Stepping into the real world


It’s every self-respecting 20-something’s rite of passage into the adult world to be well-acquainted with the F word – dare we say it – FINANCES.


So you’re finally bringing home the bacon. Step 1: treat your folks to a good meal so they know the past 20-something years of raising you haven’t been in vain. Step 2: … now what?

We feel you, financial planning is daunting. Taxes? Expenses? Budgeting? Pffffft. But fret not – here are 10 tips to get you started.


1. Stick to the 50/30/20 rule


Allocate specific portions of your pay to various expenses. The 50/30/20 plan is a good one to follow – 50% to fixed costs such as bills and basic living expenses to, you know, stay alive; 30% to lifestyle spending such as entertainment and eating out; and 20% to your financial goals such as your grand scheme to get married and not die alone.


Of course, that’s just a benchmark and there’s no hard-and-fast rule to dictate exactly how you should manage your expenses. You do you, honey boo, but the bottom line is that you should have a clear idea of how you plan to segment your income. Also, if you save a percentage of your income rather than a set budget, when your pay increases, so do your savings!


2. Settle salary negotiation before sealing the deal


Clinching your first job is a huge success and the thrill that comes with hearing “you’re hired!” could cause you to temporarily lose sense of details like remuneration.


The last thing you want is to be suckered into a position where you’re severely underpaid. You’ve worked hard and played your part through all those years of school and training to attain the skill set you have now, so don’t sell yourself short! 

Most people don’t negotiate their starting salary – they’re grateful enough to even land a job in Singapore’s competitive workplace. But make sure you’re not being shortchanged. Once you begin your job, pay raises come rarely and incrementally, especially in MNCs with rigid pay structures, so negotiating a satisfactory starting salary is key.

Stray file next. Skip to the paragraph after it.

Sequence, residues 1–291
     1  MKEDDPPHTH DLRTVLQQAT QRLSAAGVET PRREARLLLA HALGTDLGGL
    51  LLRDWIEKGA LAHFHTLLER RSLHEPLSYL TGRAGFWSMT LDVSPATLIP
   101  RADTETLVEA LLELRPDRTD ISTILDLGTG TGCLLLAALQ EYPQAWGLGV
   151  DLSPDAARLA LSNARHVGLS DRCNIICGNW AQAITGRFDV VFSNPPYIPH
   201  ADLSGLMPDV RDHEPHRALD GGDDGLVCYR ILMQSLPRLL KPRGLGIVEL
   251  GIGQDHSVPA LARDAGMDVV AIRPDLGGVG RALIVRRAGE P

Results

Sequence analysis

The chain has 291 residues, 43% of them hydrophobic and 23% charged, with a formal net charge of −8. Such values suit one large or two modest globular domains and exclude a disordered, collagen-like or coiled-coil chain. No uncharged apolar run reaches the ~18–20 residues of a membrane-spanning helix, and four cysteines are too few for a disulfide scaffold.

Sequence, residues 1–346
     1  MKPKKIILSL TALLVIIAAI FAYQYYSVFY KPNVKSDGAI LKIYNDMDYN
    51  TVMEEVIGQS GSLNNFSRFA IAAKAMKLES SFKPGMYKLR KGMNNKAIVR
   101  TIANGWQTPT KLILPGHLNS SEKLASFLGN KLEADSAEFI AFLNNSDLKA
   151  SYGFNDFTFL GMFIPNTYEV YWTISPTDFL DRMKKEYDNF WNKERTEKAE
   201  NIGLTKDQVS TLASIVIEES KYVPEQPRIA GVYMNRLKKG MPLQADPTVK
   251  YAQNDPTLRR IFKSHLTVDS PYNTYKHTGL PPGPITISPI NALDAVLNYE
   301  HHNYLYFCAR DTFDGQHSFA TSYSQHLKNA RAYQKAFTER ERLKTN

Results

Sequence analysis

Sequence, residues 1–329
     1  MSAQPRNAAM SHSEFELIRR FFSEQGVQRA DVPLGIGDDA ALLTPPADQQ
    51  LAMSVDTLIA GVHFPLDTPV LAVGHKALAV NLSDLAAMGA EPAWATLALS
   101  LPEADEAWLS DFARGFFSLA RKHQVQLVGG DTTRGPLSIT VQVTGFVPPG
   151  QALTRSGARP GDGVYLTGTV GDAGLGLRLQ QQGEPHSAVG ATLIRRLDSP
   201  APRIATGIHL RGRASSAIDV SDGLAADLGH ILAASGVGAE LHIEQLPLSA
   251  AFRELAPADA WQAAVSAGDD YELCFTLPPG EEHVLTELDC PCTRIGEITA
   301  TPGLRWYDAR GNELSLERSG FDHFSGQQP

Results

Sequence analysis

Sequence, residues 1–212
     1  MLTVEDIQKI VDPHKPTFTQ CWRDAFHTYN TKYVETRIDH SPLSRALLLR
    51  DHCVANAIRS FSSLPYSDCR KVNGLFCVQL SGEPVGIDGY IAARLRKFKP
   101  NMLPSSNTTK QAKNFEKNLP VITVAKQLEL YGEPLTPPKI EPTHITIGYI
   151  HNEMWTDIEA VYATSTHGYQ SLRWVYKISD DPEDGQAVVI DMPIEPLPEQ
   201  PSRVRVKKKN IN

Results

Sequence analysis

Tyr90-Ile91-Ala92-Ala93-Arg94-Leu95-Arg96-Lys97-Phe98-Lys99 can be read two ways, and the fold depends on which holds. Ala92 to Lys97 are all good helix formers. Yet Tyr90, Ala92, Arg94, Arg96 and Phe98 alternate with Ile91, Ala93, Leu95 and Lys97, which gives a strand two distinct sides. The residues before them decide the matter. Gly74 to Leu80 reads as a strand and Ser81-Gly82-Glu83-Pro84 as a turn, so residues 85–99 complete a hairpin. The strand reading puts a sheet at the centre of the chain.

3. Keep your budget in check


Keep a log of both your expenditure and your savings so you know you’re on track with your budget. This way, you’ll know right away when you’re overspending, rather than get a mini heart attack only when your credit card bill arrives in the mail at the end of the month. Being able to see your financial goals increasingly take shape is also a form of motivation. Keep going – you’re almost rich!

Make use of free mobile apps on your phone (Android/iOS) to help you manage your money, from logging in your expenditure to even securely syncing to your bank to help keep track of your bills and savings.


4. Get yourself properly insured



Saving for rainy days for – touch wood! – injury and illness is an absolute must. But the little piggy bank of dollar coins you’ve stashed up probably isn’t enough. Similarly, basic insurance policies from employers are often far too little to cover all bases.

You need to get a hold of additional life insurance on top of your company’s policy, and here are just a few reasons why. Furthermore, you’ll be dropped from the coverage as soon as you leave your job so it’s best to keep yourself protected in the face of uncertainty.


5. Set up separate accounts for saving and spending


Open a savings account at a different bank from where you have your current account. People with non-existent self-restraint will empathize – keeping both your accounts with the same bank makes it way too effortless to transfer funds from your savings account to your spending account.


It’s a downright money pitfall – it’s so easy to exceed your spending budget and wind up haemorrhaging what was supposed to be your savings. Oops. Furthermore, having accounts in multiple banks gives you access to deals and privileges exclusive to each bank. Your inner kiasu self must be nodding in approval at this point.